Elinor rose late most mornings; it was one of the perks of her tenuous station, and one of her few remaining comforts. Her bed was large and her room dark, even on those rare occasions when the curtains were not drawn.

She drew on her silk robe with fur at the cuffs and wide collars, and put a kettle on for coffee. The coffee was a gift: one of the few that could be depended on. The bread was mostly wood pulp, though they called it cellulose on the label. Scientifically indigestible. She toasted a slice anyway. The slices used to be thicker but at least the coffee was real, even if the sugar was synth. She’d never taken cream, which was fortunate these days as there never was any. Nor butter.

On mornings long past when men asked how she took her coffee, Elinor would respond reflexively, dark as sin and twice as sweet. That was a time when people cared about sin, and how she drank her coffee, and even thought her sweet, so the pretension could be forgiven. The synth was twice as sweet as sugar, but a chemical bitterness gave the coffee a burnt edge.

She drank, considered the dust on the stovetop, the flocked wallpaper, worried the frayed stitches by which the fur cuff clung to the silk brocade of her left sleeve. She rested her eyes. She considered the radio, but no news was new.

She showered, lotioned, powered. She slid on her rings, one after another, and noted a ragged cuticle, that her manicure needed freshening.

But what if the coffee stopped coming? The thought gripped her with great suddenness. Where would she go? Was there anyone left she knew to file a complaint with? She had begun to suspect recently that the deliveries were more habit that intent; that some damaged, or lost, or misfiled form actually had cut her off years ago.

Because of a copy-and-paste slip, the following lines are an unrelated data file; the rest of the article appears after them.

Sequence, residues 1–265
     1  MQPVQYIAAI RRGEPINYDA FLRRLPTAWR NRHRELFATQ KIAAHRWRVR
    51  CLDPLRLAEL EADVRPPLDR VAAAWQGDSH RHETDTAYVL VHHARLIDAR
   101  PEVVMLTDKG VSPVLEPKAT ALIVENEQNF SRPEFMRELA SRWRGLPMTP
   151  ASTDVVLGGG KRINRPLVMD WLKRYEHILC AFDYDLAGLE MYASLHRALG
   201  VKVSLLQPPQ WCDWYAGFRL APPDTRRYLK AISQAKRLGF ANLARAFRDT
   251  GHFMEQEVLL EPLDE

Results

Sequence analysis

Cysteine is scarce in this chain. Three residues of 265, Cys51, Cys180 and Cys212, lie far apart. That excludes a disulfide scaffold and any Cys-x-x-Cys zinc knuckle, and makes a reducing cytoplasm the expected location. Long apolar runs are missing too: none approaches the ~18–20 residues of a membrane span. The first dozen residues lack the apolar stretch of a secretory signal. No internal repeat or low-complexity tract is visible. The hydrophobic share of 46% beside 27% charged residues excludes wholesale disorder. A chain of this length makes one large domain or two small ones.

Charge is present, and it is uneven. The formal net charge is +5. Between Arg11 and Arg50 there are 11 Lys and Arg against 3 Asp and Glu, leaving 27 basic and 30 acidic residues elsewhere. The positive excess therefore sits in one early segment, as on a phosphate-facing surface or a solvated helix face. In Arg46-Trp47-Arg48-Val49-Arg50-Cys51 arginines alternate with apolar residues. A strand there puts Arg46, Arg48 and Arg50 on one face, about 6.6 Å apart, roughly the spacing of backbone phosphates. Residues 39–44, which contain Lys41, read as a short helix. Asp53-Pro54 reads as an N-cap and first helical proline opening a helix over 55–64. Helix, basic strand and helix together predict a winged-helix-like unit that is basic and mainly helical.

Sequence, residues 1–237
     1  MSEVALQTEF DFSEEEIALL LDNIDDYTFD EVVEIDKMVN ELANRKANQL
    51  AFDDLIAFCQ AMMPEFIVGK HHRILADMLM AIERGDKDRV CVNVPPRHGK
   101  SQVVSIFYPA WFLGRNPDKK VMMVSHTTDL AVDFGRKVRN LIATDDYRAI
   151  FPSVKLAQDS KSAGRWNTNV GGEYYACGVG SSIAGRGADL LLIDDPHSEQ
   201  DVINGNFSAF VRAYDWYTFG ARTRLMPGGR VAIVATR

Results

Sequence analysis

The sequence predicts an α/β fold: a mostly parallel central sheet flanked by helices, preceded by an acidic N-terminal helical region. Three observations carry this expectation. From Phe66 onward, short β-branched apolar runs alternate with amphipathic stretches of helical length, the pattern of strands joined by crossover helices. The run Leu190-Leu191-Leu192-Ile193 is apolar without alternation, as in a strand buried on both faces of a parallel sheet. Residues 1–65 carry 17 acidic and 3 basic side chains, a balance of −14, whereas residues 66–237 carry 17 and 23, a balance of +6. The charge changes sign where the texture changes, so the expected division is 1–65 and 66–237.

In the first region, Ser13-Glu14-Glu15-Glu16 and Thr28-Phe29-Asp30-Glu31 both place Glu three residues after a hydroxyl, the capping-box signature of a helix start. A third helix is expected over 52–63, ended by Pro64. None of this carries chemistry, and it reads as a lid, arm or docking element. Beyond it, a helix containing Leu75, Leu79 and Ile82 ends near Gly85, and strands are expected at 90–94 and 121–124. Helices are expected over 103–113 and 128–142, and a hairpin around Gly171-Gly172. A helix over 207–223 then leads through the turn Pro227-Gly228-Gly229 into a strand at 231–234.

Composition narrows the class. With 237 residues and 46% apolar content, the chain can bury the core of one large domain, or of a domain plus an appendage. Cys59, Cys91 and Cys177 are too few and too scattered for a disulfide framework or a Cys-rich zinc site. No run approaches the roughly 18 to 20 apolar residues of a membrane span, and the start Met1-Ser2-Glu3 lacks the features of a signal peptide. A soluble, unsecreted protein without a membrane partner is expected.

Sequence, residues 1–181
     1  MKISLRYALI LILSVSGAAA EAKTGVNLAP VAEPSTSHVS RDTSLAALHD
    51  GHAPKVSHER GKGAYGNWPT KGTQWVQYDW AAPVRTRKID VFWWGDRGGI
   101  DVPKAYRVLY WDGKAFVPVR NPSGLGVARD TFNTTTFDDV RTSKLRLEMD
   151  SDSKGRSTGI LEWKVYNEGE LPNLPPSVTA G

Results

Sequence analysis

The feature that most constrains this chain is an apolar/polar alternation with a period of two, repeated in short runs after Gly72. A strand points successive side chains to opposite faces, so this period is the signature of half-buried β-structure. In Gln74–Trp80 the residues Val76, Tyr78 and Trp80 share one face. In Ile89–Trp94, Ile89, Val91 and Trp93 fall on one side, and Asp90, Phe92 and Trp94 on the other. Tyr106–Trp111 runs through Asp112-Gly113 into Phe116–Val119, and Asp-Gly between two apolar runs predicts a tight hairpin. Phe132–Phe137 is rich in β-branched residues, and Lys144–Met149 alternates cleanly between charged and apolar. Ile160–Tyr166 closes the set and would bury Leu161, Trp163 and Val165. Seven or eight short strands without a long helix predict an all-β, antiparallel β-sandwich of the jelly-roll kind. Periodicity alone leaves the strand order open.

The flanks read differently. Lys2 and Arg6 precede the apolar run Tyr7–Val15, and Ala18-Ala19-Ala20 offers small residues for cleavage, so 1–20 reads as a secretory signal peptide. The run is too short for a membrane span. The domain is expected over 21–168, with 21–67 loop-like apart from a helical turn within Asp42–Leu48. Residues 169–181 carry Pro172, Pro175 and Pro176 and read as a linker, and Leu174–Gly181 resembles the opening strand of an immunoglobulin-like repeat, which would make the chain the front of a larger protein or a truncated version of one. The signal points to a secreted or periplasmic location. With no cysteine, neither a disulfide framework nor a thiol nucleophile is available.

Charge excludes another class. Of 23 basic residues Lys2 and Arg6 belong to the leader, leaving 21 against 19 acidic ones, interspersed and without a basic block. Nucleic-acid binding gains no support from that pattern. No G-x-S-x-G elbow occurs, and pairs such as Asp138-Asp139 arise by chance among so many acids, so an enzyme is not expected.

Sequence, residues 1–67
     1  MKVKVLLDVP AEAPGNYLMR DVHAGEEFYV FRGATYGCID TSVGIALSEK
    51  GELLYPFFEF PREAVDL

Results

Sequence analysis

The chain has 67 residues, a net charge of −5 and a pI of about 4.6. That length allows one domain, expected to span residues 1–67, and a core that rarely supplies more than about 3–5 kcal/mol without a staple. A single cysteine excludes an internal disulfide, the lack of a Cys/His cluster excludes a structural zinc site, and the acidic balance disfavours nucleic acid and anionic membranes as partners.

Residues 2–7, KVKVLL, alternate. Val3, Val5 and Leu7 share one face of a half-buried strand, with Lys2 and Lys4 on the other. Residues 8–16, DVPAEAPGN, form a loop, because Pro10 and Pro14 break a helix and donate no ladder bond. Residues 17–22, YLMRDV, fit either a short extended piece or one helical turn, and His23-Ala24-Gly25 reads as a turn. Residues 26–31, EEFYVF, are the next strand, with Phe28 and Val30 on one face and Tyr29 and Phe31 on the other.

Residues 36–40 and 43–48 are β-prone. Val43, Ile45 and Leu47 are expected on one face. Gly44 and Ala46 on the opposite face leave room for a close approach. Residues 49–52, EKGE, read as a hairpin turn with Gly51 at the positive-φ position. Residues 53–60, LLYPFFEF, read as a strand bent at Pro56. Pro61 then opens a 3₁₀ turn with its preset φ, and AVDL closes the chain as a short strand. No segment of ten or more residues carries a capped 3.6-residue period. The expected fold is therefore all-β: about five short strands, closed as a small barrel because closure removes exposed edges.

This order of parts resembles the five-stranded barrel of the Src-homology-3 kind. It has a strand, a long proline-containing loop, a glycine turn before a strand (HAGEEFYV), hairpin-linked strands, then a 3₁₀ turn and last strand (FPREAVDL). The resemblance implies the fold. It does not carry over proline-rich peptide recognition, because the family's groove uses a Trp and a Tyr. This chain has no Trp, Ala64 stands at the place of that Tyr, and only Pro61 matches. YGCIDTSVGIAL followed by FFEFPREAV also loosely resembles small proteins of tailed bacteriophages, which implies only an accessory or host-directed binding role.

She dressed, made her hair suitable. She seemed to remember, from her childhood, that the sun wasn’t meant to be this low in the sky this late in the morning. Someone had once tried to explain the why to her, but she never could grasp those sorts of arguments, so rarely bothered listening.

Another grey afternoon. That, she could handle. Less so the sensation of being dressed with nowhere to go. Who was it who used to say, “What doesn’t kill you bores you to death”? One of the girls from Club Bar, she thinks, or someone from TV, but it may have been that young gentlemen from G+ntech. A shudder before she resolves to think upon pleasanter matters. She will not turn on the radio, though thinks about how funny it is that they all still call it that. If anyone expected her to call it whatever it actually was, she’s certain she’d slip up. Frequently, and at the most inopportune instances. Old habits stick around, and Elinor has a harder time than most shaking them off.


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